I look for inspiration all around me, in my own and others’ experience, in the work of fellow artists, and in research.
I have many favourite books – Germinal by Emile Zola, Sunset Song, by Lewis Grassic Gibbon, and I love the poetry of Sharon Olds.
Ran – Kurosawa’s version of King Lear – is a superb film, and I admire Pather Panchali by the great Indian filmmaker Satyajit Ray.
I love the line: “If music be the food of love, play on…’ from Shakespeare’s Twelfth Night. For me, music is indeed this – I come from a family of musicians – my father is the composer/pianist Ronald Stevenson, my sister the harpist/composer Savourna Stevenson, my niece the fiddler/composer Anna-Wendy Stevenson. And my brother Gordon is a violin maker. My son, Rob MacNeacail, plays bass guitar, bagpipes and piano, and right now, my favourite bit of pop culture is his band, Miasma, with their debut album, Feathered Feet – it’s memorably melodic, has great harmonies, and intelligent lyrics.
My guilty pleasure would be Crannachan – a delicious Scottish dessert – whipped cream, whisky, heather honey, and fresh raspberries, with toasted oatmeal. It goes down well with a glass of champagne!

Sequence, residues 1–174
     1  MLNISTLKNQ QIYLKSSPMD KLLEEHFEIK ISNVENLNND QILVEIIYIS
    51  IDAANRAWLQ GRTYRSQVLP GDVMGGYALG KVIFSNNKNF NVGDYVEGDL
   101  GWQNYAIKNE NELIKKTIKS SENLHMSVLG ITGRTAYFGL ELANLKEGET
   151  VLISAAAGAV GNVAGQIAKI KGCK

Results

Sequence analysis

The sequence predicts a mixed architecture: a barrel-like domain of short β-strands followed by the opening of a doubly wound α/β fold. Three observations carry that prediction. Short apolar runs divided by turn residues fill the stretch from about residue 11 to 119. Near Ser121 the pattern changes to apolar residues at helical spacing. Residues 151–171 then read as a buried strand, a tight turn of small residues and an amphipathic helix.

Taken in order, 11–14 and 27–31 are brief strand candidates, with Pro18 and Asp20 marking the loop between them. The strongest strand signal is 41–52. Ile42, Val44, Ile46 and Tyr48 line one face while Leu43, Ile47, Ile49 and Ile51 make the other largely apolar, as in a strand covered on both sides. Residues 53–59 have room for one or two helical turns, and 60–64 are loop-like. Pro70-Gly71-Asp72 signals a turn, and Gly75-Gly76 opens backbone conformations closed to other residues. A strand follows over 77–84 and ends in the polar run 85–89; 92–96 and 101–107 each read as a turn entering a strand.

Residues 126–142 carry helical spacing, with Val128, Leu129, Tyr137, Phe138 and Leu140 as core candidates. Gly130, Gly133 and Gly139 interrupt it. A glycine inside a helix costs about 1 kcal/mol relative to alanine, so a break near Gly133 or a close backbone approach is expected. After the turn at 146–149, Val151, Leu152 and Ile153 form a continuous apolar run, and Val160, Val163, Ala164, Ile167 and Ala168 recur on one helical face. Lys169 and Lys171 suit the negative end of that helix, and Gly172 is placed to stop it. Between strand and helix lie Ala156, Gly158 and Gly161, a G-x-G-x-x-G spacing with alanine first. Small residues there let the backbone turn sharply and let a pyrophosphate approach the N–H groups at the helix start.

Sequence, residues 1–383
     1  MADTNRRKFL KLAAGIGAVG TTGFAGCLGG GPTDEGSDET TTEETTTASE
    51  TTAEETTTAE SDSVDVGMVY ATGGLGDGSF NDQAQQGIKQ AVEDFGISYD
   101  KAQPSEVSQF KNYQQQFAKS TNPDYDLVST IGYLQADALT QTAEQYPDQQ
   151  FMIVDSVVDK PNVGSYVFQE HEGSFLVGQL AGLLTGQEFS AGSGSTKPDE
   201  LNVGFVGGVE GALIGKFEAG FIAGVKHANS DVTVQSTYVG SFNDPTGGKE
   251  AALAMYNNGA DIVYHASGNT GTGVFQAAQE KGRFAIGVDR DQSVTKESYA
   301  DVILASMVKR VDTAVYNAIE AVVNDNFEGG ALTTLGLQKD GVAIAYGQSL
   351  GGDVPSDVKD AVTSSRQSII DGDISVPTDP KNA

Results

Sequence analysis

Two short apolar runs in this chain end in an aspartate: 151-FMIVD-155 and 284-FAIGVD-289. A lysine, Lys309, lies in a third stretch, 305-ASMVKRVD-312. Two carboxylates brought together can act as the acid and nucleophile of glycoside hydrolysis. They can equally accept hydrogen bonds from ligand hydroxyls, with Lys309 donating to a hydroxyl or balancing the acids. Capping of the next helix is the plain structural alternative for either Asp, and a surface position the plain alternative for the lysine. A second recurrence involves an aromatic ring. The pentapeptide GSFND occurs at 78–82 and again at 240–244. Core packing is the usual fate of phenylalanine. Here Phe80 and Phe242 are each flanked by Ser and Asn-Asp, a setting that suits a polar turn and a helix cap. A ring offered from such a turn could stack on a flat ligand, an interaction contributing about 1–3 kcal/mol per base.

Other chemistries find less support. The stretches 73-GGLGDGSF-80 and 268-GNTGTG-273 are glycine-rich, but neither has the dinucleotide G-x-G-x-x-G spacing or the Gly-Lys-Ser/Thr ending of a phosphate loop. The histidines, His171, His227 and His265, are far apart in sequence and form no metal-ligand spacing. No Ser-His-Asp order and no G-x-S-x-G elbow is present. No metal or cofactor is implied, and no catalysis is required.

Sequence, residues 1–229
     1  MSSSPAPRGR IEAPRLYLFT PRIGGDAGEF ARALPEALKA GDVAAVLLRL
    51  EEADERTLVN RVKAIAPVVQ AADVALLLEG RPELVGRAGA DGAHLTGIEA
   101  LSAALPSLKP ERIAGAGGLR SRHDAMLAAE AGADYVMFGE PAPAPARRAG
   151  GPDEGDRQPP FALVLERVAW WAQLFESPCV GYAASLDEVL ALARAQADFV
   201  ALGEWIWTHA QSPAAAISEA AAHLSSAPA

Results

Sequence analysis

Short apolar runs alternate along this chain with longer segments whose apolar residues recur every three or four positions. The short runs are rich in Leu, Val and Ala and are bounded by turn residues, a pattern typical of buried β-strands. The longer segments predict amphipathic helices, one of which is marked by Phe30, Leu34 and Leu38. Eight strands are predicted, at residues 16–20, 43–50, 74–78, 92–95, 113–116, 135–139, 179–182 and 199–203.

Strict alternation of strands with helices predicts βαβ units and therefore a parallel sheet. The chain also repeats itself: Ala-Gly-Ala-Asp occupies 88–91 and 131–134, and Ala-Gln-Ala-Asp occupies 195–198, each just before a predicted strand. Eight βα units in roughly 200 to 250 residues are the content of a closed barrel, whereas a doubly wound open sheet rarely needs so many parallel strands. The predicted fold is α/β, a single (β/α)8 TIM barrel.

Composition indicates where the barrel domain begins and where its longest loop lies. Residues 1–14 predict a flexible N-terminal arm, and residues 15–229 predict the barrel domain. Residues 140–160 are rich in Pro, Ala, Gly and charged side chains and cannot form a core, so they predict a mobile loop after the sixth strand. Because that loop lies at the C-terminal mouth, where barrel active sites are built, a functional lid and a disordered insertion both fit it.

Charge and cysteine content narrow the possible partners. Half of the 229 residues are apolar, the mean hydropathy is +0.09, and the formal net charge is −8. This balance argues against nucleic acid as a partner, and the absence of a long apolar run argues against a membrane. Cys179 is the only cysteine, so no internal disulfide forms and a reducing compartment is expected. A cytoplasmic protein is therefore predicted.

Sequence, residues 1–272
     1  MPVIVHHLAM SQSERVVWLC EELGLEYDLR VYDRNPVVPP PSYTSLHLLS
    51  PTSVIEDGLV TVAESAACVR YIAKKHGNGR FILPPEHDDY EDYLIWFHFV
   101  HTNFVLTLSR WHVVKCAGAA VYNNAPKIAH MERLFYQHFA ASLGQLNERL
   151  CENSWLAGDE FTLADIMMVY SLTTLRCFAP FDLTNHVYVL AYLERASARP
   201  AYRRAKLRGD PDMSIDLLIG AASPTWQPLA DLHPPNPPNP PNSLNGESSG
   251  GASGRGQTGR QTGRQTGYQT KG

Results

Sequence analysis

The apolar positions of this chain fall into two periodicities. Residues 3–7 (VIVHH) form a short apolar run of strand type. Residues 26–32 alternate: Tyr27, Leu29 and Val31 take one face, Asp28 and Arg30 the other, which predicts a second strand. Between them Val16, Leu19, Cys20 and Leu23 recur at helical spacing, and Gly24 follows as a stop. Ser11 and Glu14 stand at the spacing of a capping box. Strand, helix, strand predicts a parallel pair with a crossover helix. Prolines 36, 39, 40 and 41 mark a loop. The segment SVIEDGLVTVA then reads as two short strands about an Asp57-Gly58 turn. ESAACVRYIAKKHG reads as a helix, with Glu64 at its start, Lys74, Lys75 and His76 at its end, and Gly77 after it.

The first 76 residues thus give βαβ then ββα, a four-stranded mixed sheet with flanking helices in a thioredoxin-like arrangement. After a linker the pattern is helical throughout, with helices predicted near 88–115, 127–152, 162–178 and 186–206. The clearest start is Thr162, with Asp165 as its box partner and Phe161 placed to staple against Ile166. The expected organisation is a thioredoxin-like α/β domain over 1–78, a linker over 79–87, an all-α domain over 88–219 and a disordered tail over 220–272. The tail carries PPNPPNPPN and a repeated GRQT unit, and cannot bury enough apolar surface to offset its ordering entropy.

Two plays that made a huge impression on me when I was young were The Trojan Women, directed by the Romanian, Andrei Serban (La MaMa theater company), and The Cheviot, the Stag, and the Black, Black Oil, by Scotland’s 7:84 Theatre Company. The former was a passionate expression of pacifism (like Kurosawa’s Ran), and the 7:84 production was a powerful piece of political theatre, about the exploitation of the Scottish people and their land by successive British governments.
My best escape is to go walking in the Scottish Highlands – by mountains and loch-sides, wild and remote places of my homeland, with my friend Jenny. We’ve known each other since we were born. We take our dogs with us, carry our tent, basic food for a few days, collect firewood on the way, choose where to pitch our tent each evening, and light our camp fire. There’s no one around for miles, no cell phone reception, and it’s paradise.
Gerda Stevenson: Twice nominated for Critics Awards Theatre in Scotland, BAFTA Best Film Actress Award. Nominated LPTW’s Guilder/Coigney Award. Original plays, and dramatisations of classic Scottish novels for BBC Radio. Stage play, Federer Versus Murray, shortlisted London Fringe Theatre Writing Award, 2010, runner-up Best Scottish Contribution to Drama on Edinburgh Fringe, 2011.